Can probiotic seed coatings for plants increase crop yields?

| | February 23, 2016
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A startup launched [in mid-February] with a radical plan for helping to feed the earth’s growing population . . . The company, Indigo, says it plans to replenish the microbiome of crops, adding back in microbes that have been killed over years of heavy use of herbicides, pesticides, and fungicides. It aims to do this by selling a probiotic seed coating for crops like corn, cotton, wheat, and soybeans.

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Indigo won’t say which microbes it replaced, or how the seed coating works. . . . It plans to share data from the trials for peer review in the future, but won’t offer any concrete timing.

. . . . And while the recent enthusiasm for our own microbiome has brought the subject into the popular consciousness, the study of how it impacts plants has actually been going on for centuries. . . .

Farmers often tried to tap into these benefits. . . rotating crops and transplanting soil in a way that encouraged a healthy microbiome to thrive. Unfortunately, just as often, they treated microbes as a threat to be suppressed, killing off helpful bacteria in equal number.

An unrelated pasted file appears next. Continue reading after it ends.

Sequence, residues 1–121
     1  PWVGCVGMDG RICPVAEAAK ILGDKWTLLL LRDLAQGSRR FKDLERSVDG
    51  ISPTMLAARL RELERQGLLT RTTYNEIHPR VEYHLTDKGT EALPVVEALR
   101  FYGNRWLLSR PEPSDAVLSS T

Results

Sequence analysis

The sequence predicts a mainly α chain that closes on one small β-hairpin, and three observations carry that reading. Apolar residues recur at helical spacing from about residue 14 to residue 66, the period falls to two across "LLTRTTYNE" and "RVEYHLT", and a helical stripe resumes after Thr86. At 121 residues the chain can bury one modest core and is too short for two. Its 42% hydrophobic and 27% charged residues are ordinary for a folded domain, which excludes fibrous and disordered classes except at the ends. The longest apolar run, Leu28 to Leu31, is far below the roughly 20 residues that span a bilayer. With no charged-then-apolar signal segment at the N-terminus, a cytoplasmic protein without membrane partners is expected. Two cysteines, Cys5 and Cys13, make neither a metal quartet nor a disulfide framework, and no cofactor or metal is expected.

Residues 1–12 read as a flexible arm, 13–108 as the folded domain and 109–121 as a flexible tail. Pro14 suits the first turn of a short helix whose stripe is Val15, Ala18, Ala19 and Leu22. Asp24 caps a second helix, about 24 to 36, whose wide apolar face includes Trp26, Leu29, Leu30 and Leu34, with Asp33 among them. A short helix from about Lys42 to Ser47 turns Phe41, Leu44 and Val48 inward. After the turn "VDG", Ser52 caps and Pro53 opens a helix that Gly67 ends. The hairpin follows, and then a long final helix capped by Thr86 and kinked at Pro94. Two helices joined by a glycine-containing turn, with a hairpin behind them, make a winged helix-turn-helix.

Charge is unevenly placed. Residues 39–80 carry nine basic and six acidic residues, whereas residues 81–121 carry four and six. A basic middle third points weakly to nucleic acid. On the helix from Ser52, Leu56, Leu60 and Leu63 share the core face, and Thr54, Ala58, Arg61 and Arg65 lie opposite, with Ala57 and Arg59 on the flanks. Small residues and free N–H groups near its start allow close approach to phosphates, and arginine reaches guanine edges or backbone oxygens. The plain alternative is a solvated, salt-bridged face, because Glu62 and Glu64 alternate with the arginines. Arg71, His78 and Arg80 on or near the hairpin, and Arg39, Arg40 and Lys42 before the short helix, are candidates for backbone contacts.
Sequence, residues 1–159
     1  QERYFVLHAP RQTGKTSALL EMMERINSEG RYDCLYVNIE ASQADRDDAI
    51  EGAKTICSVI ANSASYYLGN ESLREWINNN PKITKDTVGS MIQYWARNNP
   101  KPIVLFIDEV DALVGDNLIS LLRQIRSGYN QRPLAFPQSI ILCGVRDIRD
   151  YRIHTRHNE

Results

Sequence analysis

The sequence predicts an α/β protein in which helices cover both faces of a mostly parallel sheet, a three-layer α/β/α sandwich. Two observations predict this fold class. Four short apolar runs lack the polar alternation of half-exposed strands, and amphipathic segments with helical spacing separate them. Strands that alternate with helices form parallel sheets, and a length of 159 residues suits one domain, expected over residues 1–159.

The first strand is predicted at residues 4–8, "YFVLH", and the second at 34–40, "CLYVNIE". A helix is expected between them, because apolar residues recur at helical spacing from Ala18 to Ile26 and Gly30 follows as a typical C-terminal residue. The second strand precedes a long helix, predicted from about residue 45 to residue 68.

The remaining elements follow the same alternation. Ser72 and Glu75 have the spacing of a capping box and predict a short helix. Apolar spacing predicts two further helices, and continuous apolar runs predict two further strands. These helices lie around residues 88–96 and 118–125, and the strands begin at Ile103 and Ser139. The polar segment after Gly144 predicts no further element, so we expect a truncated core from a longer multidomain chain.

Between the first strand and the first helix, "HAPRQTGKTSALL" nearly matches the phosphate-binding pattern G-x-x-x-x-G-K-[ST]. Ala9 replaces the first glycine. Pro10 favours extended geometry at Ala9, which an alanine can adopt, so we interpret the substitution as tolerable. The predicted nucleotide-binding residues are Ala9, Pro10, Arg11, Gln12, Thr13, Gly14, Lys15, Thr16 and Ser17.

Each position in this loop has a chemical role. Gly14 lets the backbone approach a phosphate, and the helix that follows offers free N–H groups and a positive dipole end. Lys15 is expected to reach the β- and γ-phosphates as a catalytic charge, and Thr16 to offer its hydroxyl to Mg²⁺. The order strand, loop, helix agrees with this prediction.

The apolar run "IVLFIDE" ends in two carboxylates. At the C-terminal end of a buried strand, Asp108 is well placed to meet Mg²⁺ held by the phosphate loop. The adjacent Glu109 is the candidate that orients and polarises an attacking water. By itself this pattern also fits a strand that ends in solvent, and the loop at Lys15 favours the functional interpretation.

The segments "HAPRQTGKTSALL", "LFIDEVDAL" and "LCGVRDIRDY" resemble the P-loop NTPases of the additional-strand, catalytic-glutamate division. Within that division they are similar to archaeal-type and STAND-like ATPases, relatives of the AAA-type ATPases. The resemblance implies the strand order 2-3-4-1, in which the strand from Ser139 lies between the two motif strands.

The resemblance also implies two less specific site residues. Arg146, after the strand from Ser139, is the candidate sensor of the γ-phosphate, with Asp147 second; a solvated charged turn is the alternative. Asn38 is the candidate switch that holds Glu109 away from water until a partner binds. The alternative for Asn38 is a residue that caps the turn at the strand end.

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. . . the notion that finding ways to replenish the microbiome of plants could increase crop yields was endorsed by the American Society for Microbiology back in December of 2012. . .

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Taken together, just four of Indigo’s initial focus crops — corn, soy, wheat, and cotton — amount for hundreds of billions of dollars in annual sales. A 10 percent increase would have a massive impact on both the availability of food and on farmers’ pocketbooks, potentially positioning Indigo as a massive business.

Read full, original post: One startup’s plan to grow more crops: put the germs back in

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